Registration requests consist of the completed registration template
   below, typically published in an RFC or Open Standard (in the sense
   described by [RFC2026], Section 7).  However, to allow for the
   allocation of values prior to publication, the Designated Expert may
   approve registration once they are satisfied that a specification
   will be published.

   Note that relation types can be registered by third parties, if the
   Designated Expert determines that an unregistered relation type is
   widely deployed and not likely to be registered in a timely manner.

   The registration template is:

   o  Preference: (A value for the Prefer request header that conforms
      to the syntax rule given in Section 2)
   o  Description:
   o  Reference:
   o  Notes: [optional]
   o  Application Data: [optional]

   Registration requests should be sent to the preferences@ietf.org
   mailing list, marked clearly in the subject line (e.g., "NEW
   PREFERENCE - example" to register an "example" preference).

   Within at most 14 days of the request, the Designated Expert(s) will
   either approve or deny the registration request, communicating this
   decision to the review list and IANA.  Denials should include an
   explanation and, if applicable, suggestions as to how to make the
   request successful.

   Decisions (or lack thereof) made by the Designated Expert can be
   first appealed to Application Area Directors (contactable using
   app-ads@tools.ietf.org email address or directly by looking up their
   email addresses on http://www.iesg.org/ website) and, if the
   appellant is not satisfied with the response, to the full IESG (using
   the iesg@iesg.org mailing list).

   IANA should only accept registry updates from the Designated
   Expert(s), and should direct all requests for registration to the
   review mailing list.

12.1.1.  Initial Registry Contents

   The Preferences Registry's initial contents are:




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   o  Preference: return-accepted
   o  Description: Indicates that the user-agent prefers the server to
      respond with a 202 Accepted status as described by Section 3
   o  Reference: [this specification]

   o  Preference: return-no-content
   o  Description: Indicates that the user-agent prefers the server not
      to include a payload in response to a request as described by
      Section 6
   o  Reference: [this specification]

   o  Preference: return-content
   o  Description: Indicates that the user-agent prefers the server to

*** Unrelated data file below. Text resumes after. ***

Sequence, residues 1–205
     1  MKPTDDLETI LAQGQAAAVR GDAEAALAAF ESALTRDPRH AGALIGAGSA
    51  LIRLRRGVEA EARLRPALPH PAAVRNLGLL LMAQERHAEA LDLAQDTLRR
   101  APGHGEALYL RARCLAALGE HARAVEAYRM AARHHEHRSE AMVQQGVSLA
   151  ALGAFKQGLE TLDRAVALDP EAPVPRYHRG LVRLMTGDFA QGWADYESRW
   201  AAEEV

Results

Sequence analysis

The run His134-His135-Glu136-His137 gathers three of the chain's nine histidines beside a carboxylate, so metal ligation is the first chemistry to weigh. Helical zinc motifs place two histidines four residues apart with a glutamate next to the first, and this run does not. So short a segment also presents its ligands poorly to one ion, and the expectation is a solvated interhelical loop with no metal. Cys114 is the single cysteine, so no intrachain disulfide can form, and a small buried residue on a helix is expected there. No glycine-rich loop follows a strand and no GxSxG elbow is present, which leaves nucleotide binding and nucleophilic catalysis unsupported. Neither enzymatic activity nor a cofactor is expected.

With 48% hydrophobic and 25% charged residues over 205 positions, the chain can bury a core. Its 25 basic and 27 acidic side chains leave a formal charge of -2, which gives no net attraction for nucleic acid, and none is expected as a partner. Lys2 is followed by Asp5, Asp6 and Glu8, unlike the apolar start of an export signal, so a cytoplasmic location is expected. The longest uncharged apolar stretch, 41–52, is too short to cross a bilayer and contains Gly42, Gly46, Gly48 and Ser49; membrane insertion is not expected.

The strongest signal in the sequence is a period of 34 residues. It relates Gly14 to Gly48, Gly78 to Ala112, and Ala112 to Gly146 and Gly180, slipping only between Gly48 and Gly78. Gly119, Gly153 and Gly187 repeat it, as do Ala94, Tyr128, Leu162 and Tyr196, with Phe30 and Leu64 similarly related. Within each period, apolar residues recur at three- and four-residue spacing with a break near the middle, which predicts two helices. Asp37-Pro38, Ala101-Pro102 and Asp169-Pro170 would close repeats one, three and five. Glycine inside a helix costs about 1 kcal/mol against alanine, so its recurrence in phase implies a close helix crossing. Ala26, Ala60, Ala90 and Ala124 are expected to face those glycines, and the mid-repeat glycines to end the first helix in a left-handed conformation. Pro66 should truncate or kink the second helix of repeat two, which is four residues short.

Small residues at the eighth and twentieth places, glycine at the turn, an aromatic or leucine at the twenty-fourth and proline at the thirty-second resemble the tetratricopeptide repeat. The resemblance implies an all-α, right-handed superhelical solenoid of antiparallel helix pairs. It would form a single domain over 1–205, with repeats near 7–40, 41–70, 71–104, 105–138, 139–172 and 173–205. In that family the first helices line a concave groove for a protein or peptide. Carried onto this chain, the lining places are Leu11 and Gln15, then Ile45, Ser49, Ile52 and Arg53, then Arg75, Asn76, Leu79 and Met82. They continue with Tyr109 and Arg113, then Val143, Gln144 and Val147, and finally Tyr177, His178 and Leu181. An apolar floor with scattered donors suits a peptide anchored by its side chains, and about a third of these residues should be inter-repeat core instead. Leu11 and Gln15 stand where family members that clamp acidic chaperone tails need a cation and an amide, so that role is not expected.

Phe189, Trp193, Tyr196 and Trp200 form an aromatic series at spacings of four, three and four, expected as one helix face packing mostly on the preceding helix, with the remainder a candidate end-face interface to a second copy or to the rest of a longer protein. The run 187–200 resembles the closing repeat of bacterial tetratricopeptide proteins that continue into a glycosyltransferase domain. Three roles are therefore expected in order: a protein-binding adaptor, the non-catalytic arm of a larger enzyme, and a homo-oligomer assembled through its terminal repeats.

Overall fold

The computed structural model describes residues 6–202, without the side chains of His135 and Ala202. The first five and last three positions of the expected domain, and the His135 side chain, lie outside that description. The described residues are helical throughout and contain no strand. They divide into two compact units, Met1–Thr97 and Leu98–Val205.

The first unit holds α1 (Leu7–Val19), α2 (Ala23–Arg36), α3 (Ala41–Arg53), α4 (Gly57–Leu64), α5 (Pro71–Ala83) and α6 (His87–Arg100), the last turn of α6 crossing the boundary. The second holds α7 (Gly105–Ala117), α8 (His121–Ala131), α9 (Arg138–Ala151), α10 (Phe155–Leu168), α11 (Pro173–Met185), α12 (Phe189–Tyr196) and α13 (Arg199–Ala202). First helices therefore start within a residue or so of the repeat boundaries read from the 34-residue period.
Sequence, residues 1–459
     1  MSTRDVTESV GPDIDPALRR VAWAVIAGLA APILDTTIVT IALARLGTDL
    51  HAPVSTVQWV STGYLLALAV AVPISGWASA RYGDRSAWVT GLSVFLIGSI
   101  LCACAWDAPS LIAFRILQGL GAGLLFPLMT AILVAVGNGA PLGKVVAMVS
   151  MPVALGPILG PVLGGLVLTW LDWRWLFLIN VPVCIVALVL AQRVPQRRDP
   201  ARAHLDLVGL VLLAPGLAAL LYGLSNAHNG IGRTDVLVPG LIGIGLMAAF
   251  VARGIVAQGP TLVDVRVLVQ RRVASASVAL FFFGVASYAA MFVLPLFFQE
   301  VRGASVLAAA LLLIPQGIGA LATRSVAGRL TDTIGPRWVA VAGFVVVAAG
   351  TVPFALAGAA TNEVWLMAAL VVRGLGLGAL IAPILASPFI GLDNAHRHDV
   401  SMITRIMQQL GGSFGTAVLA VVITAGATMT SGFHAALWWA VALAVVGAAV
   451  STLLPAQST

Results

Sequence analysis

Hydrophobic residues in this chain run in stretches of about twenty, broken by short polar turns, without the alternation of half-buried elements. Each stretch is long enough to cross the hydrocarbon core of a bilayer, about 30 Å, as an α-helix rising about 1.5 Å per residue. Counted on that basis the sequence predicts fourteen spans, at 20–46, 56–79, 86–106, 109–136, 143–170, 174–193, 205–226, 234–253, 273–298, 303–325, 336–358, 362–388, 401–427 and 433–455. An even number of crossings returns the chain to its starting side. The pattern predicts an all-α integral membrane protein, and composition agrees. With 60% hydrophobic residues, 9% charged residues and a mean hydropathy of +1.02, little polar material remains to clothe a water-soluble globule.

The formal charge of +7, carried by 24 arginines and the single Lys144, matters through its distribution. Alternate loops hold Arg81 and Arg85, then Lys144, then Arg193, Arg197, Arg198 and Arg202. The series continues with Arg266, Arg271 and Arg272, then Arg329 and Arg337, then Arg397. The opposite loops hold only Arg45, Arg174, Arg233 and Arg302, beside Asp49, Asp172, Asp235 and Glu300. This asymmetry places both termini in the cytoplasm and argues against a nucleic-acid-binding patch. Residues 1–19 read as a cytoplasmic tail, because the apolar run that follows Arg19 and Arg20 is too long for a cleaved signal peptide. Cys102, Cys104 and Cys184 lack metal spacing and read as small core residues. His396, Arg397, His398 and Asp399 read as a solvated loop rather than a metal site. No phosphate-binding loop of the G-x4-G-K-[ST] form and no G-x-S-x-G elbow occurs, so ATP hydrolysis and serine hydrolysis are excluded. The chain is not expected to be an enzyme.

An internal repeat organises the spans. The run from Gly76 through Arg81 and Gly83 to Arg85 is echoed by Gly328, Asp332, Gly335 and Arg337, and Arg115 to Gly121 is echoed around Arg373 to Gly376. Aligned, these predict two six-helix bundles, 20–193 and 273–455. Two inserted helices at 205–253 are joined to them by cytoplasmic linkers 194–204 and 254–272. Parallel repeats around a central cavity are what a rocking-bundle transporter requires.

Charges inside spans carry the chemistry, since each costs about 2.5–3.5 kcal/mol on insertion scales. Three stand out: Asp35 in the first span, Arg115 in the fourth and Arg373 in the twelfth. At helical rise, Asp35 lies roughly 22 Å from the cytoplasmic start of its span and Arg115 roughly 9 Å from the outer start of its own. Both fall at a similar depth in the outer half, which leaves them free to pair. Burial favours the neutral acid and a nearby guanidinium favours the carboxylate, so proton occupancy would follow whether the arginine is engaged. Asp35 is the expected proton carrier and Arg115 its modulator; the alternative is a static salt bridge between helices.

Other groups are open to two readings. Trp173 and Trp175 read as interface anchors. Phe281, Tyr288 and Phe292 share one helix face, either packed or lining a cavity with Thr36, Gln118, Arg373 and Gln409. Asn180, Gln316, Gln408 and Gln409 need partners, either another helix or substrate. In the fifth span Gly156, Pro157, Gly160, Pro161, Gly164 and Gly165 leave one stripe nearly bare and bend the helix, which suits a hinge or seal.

include a representation of the current state of the resource in
      response to a request as described by Section 4
   o  Reference: [this specification]

   o  Preference: return-status
   o  Description: Indicates that the user-agent prefers the server to
      return an entity describing the current state of a resource in
      response to a request as described by Section 5
   o  Reference: [this specification]

   o  Preference: wait
   o  Description: Indicates an upper bound to the lenght of time the
      user-agent is willing to wait for a response, after which the
      request may be aborted.
   o  Reference: [this specification]

   o  Preference: priority
   o  Description: Indicates the priority a client wishes the server to
      assign to the processing of a request relative to other
      concurrently processed requests.
   o  Reference: [this specification]

   o  Preference: strict
   o  Description: Indicates that the client wishes the server to apply
      strict validation and error handling to the processing of a
      request.
   o  Reference: [this specification]

   o  Preference: lenient
   o  Description: Indicates that the client wishes the server to apply
      lenient validation and error handling to the processing of a
      request.
   o  Reference: [this specification]





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   o  Preference: detail
   o  Description: Indicates the user-agent's preference as to the
      amount of detail the server should include in responses to a
      request.
   o  Reference: [this specification]


13.  Security Considerations

   Specific preferences requested by a client can introduce security
   considerations and concerns beyond those discussed in [RFC2616].
   Implementors must refer to the specifications and descriptions of
   those preferences to determine the security considerations relevant
   to each.


14.  Normative References

   [RFC2026]  Bradner, S., "The Internet Standards Process -- Revision
              3", BCP 9, RFC 2026, October 1996.

   [RFC2119]  Bradner, S., "Key words for use in RFCs to Indicate
              Requirement Levels", BCP 14, RFC 2119, March 1997.

   [RFC2434]  Narten, T. and H. Alvestrand, "Guidelines for Writing an
              IANA Considerations Section in RFCs", BCP 26, RFC 2434,
              October 1998.

   [RFC2616]  Fielding, R., Gettys, J., Mogul, J., Frystyk, H.,
              Masinter, L., Leach, P., and T. Berners-Lee, "Hypertext
              Transfer Protocol -- HTTP/1.1", RFC 2616, June 1999.

   [RFC3864]  Klyne, G., Nottingham, M., and J. Mogul, "Registration
              Procedures for Message Header Fields", BCP 90, RFC 3864,
              September 2004.

   [RFC5226]  Narten, T. and H. Alvestrand, "Guidelines for Writing an
              IANA Considerations Section in RFCs", BCP 26, RFC 5226,
              May 2008.












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Author's Address

   James M Snell


   Phone:
   Email: jasnell@gmail.com
   URI: